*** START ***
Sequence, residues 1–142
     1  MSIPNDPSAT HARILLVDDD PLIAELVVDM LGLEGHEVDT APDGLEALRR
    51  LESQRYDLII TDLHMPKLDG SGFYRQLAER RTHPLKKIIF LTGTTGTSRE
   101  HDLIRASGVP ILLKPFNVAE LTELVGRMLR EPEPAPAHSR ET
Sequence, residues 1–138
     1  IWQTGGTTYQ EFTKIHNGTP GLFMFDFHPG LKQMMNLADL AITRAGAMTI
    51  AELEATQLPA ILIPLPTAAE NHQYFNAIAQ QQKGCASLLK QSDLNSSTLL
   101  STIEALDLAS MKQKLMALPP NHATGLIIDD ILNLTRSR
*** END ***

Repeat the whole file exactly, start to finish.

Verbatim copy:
Sequence, residues 1–142
     1  MSIPNDPSAT HARILLVDDD PLIAELVVDM LGLEGHEVDT APDGLEALRR
    51  LESQRYDLII TDLHMPKLDG SGFYRQLAER RTHPLKKIIF LTGTTGTSRE
   101  HDLIRASGVP ILLKPFNVAE LTELVGRMLR EPEPAPAHSR ET
Sequence, residues 1–138
     1  IWQTGGTTYQ EFTKIHNGTP GLFMFDFHPG LKQMMNLADL AITRAGAMTI
    51  AELEATQLPA ILIPLPTAAE NHQYFNAIAQ QQKGCASLLK QSDLNSSTLL
   101  STIEALDLAS MKQKLMALPP NHATGLIIDD ILNLTRSR